New houses aren't furnished with emotion. In fact, nothing new includes happiness. It's sort of like batteries — happiness is sold separately. Happiness is a choice, you choose it every single moment, as it occurs. You don't get to pre-order it for the future, and you don't get to send it back in time. Happiness only exists right now, even as you read this.
Figure out how to be happy right now, or fire off all the reasons you can't be happy. Get angry. Tell me why I'm wrong. See how far that gets you. Go on and pack your bags with misery and expect to find something else when you unpack.
I read once that Freud said daydreams were the territory of the dissatisfied and meloncholy. Happy people don't daydream. I have a tendency to daydream away the present, wrapping the fantasies of future successes around me while I completely miss what's lovely right now.
It's cloudy out, the pavement is covered with rain. I can't comment on the sun. But the parking lot looks slick and black, and the grass is greener than it ought to be. Michigan is lush and wet, and I want to roll around in it.
I think I will.
Thursday, June 12, 2008
I love you a little bit more today than I did yesterday. Don't know why, I just do.
Maybe it's because you looked vulnerable. Maybe it's because I kissed you all over your face. Maybe it's because the sex was phenomenal.
Maybe there's just a whole helluva lot of good in this world, and you remind me of that.
Some days are just good. Some days are full of certainty. Some moments are full of you, and I am satiated. In these moments I am certain of everything. Worry is a thing of the past. Insecurity is cast aside, and suddenly there is room for faith. Can a wary girl have faith in anything? Yes, if she allows herself to believe.
Nirvana is living in the moment. Nirvana is not worrying about the past or the future. All concerns that have nothing to do with Right Now only destroy our happiness. But like a well conditioned lab rat, I keep pushing the lever, over and over again, waiting to get my reward or punishment. I'm a salivating dog. I anticipate everything, good and bad -- and in my anticipation, I ruin the moment. Because right now, I don't need whatever might come. I don't need anything more than this.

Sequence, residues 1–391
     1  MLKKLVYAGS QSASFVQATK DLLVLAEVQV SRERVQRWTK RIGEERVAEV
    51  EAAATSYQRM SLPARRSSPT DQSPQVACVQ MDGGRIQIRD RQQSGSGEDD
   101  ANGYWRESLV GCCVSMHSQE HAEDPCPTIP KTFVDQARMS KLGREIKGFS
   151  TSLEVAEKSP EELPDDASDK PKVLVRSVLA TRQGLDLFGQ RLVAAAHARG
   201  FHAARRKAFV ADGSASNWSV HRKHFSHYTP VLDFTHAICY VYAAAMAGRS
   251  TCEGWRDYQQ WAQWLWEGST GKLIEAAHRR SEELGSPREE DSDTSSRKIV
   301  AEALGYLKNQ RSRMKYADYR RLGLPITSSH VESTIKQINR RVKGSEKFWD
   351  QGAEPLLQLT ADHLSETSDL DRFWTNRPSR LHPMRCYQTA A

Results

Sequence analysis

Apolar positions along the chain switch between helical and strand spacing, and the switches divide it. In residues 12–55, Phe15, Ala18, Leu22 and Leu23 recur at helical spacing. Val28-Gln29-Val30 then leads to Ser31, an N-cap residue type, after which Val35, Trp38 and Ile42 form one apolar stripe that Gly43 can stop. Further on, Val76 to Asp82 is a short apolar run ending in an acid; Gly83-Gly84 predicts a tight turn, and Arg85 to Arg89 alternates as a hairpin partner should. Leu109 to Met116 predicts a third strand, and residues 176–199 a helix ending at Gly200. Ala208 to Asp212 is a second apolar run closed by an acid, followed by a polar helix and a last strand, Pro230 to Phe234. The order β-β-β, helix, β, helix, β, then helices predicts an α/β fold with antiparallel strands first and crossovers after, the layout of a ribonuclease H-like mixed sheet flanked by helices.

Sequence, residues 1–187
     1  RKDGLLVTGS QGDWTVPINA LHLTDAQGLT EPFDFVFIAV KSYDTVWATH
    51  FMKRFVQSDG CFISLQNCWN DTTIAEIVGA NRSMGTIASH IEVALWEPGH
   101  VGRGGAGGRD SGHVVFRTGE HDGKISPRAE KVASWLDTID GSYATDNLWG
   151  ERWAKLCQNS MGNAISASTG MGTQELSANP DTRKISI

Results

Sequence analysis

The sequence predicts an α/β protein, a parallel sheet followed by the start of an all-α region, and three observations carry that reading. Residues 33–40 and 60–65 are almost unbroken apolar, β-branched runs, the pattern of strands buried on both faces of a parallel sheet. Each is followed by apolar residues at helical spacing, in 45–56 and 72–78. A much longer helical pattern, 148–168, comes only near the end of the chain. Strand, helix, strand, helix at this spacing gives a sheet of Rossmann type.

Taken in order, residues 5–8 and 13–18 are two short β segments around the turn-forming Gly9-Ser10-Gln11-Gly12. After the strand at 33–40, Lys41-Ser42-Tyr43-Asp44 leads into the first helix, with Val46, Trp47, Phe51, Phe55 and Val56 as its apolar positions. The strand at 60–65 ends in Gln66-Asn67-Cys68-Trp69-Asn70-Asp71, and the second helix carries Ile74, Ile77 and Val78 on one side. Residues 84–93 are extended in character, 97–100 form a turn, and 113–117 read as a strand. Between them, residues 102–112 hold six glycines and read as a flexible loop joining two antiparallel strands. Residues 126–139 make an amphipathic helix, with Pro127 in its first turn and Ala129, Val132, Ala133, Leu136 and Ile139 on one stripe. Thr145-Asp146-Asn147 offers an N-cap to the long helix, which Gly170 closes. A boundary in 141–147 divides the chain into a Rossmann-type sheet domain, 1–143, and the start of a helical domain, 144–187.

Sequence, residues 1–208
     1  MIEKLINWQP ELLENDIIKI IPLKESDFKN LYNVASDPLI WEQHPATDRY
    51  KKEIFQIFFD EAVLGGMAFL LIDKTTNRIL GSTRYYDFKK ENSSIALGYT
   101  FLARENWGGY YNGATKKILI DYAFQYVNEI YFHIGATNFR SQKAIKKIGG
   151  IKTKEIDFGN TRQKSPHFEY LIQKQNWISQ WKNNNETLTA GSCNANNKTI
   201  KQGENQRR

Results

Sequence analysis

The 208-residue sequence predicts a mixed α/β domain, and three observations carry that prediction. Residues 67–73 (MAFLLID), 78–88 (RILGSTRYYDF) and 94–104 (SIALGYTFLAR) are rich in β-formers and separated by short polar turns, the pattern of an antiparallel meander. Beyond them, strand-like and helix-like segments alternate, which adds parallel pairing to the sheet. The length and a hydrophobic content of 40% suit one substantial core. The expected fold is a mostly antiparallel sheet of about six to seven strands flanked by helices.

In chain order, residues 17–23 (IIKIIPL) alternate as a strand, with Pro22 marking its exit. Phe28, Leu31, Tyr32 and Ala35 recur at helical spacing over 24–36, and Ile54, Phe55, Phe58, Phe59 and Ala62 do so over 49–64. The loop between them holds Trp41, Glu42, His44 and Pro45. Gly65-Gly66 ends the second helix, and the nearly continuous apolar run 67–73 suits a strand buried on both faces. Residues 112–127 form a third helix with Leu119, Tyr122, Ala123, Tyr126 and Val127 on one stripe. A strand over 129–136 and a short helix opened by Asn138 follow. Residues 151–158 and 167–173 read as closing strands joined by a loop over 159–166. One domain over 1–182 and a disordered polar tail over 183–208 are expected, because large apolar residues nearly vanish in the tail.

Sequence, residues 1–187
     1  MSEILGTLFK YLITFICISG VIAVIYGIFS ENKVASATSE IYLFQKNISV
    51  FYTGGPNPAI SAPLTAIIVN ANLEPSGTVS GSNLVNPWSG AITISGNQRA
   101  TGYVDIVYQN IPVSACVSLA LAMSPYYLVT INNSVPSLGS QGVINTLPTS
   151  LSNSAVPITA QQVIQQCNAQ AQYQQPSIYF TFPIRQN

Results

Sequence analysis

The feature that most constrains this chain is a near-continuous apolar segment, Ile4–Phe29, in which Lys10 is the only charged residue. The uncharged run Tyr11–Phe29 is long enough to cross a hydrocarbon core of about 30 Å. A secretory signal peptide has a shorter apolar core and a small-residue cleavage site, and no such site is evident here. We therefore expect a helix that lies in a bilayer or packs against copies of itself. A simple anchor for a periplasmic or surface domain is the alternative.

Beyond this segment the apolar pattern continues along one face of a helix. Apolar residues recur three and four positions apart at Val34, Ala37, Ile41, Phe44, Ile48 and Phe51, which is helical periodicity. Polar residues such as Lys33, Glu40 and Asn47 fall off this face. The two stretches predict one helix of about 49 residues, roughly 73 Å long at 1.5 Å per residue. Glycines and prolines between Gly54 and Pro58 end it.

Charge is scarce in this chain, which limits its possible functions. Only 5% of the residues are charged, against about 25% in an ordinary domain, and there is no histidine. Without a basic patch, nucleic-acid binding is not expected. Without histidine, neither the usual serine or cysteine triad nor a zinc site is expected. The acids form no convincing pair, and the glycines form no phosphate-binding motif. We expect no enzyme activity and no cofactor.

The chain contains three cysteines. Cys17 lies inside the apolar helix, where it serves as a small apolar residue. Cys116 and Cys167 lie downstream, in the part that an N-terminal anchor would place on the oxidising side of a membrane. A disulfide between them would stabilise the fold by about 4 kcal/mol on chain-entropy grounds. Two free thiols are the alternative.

Sometimes I'm amazed how everything is saturated with the teachings of the Buddha. The lessons of awareness, and of letting go seep into the dry soil of my life -- work, boyfriend, family, son -- all of it filling with the same clear waters of acceptance. Everything is as it should be. Right now. Perfect.
As are you.
Monday, June 2, 2008
The dead body is still there.
I know, I know. I should clean it up. What kind of a person leaves the remains of a giant centipede sqaushed onto the trim along the floor? Every time I walk down the hall I stare at it. Its legs are still splayed this way and that, frozen in their final caress.
As soon as my son notices it, I'm going to have to get the Windex and scrub it off. It's just that the very thought of touching it, even through several layers of paper towel, gives me the heebiest of jeebies.
Maybe I can leave it there as a warning to other centipedes?
In the middle ages they used to flay thieves, and nail their skins to the doors as warnings.
I said it.
I'm going medieval on those furry fuckers.
Consider yourselves warned.